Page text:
Roy Villevoye

Starting out as an abstract painter interested in the cultural and political connotations of colors, Roy Villevoye began working with photography, installation, and video in the mid-’90s, often making works based on his stays in the Asmat region of New Guinea. Villevoye confronted his position as (potentially) neo-colonial outsider by taking frontal photographs of Papuans holding sheets of paper in magenta, cyan blue, and yellow—the primary colors used in printing. In fact, Villevoye often turns his photographs into monumental four-color prints, consisting of countless dots of magenta, cyan, yellow, and black—a kind of industrial pointillism. The prints on view at De Hallen were actual photographs, however, and of a comparatively modest size, but with a grainy quality that once again emphasized the image’s surface.

Although some date back to 1994, the pictures selected for the show reflect Villevoye’s current way of working: He has more or less stopped staging photographs with imported elements (like the sheets of colored paper) but has kept a keen eye for elements that sabotage the Western will to see exotic purity. The cross-cultural vicissitudes of the T-shirt are a recurring motif; The Fifth Man, 2003, a low-resolution digital picture taken with a video camera, shows four Papuans, three of them wearing Osama bin Laden shirts, staring into the camera, as does the artist himself, also wearing a bin Laden shirt. Is this the Papuan branch of Al Qaeda? There is no explanation in the show; Villevoye, who is not unwilling to elucidate the background in interviews (the men hardly know anything about the figure depicted on the T-shirts, which they got from some Indonesians), shuns explanatory captions and didactic texts. His images are compelling in part because they are in a sense incomplete, because they have no substantial textual supplements.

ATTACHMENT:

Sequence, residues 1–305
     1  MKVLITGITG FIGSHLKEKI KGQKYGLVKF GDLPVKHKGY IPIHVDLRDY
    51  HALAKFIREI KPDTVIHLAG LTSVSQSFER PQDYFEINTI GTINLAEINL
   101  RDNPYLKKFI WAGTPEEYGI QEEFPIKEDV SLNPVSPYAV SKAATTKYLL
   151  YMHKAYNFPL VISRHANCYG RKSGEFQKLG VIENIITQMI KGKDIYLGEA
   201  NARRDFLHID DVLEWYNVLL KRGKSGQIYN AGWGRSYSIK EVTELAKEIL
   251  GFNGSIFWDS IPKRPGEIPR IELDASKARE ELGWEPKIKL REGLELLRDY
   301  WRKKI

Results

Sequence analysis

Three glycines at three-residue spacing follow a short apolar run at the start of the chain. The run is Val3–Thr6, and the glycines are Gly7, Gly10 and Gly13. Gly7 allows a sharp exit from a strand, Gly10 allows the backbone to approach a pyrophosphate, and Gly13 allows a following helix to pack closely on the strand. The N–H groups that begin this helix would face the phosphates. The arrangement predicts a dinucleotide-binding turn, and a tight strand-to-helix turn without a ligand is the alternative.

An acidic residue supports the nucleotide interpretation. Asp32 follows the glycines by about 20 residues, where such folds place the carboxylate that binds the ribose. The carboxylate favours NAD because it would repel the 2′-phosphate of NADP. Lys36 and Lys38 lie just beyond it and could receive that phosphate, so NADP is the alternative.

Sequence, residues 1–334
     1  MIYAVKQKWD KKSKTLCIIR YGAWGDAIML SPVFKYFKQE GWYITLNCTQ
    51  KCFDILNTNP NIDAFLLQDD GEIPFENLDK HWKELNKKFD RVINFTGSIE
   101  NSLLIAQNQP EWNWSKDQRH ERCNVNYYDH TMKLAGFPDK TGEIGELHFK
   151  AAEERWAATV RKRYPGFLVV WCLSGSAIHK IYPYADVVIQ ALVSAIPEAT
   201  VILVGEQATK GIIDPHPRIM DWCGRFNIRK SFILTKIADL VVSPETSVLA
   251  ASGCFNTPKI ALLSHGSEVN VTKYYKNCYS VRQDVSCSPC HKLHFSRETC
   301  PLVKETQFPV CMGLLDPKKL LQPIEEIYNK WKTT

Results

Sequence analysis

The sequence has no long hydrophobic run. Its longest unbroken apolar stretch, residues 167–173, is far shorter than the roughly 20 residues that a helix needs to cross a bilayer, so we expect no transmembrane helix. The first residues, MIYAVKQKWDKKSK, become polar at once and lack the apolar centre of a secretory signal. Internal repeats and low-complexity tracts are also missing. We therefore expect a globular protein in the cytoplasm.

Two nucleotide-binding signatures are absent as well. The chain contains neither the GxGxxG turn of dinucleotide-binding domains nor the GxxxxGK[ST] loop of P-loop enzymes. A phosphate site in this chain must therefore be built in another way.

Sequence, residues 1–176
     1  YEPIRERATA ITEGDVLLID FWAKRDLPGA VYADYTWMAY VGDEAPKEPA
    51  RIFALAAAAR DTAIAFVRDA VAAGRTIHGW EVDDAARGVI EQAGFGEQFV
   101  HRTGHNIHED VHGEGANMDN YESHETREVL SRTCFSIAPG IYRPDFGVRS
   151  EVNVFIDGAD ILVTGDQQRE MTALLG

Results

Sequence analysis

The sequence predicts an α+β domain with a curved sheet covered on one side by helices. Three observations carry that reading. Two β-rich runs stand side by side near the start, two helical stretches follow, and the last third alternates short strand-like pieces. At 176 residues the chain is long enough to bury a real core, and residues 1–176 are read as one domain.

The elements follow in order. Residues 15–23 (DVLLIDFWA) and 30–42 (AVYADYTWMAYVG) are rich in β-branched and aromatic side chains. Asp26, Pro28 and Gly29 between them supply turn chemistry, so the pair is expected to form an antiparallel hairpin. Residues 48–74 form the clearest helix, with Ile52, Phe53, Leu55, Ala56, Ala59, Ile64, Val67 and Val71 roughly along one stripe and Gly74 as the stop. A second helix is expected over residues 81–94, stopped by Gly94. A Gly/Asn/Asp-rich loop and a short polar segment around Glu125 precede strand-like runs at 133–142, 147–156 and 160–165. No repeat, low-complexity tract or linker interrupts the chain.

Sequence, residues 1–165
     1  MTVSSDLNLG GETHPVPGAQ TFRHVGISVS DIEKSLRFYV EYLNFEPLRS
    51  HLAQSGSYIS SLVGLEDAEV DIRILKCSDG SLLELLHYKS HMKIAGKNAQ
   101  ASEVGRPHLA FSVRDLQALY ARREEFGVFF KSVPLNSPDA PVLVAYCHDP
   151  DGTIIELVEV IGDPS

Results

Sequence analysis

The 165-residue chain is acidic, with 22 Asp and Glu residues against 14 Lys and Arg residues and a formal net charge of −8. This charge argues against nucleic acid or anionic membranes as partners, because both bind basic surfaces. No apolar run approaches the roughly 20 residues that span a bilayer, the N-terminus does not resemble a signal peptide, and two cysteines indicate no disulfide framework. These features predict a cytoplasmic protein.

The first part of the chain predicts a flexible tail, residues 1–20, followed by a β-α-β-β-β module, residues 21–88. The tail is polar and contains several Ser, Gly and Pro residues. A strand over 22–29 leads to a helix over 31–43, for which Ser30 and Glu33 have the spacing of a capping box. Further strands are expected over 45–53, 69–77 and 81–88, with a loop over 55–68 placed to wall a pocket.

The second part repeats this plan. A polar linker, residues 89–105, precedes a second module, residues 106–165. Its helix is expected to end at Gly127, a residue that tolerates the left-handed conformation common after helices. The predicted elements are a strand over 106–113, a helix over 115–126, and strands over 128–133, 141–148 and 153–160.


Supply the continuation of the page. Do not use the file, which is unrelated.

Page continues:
The photo Propeller in Jungle, 1995, shows the remains of an airplane propeller surrounded by Papuans. The origin of this object is explored in Propeller, 2004, a video shown on alternate days in a separate room: It turns out that the propeller belongs to a crashed World War II fighter. At one point in the video, a Papuan called Kornelis Eminé gives a highly mythologized version of the event, full of fairytale elements and ending with the words, “Actually, we don’t tell this story.” An American priest wonders if this legend was told to cover up an act of cannibalism, which would not have been unthinkable in the ’40s. In fact, the pilot survived the incident, and Villevoye tracked him down. If Propeller contrasts Papuan storytelling with a search for historical truth, the second film shown in this exhibition has a very different structure. The New Forest, 2004, made with Jan Dietvorst, contains some of the same material: Eminé again tells his story, but it is one of a number of monologues and interviews with no clear progression. Papuans tell about bewitched objects and angry forefathers or practice emotional black- mail to extract money from the artist; a cheerfully lost Korean traveler speaks unintelligible English; an American muses on Papua while looking like Brando in Apocalypse Now. None of these characters occupy a privileged position, and there is no voice-over narrator to supply an authoritative viewpoint. Resolutely averse to romanticizing Papuans or sugar-coating their own position, Villevoye and Dietvorst destroy the lingering illusion of New Guinea as an intact bit of prehistory. Instead they offer a glimpse of what may be the posthistorical future: a global village of rumor, myth, and misunderstanding against the background of a comatose economy.

Sven Lütticken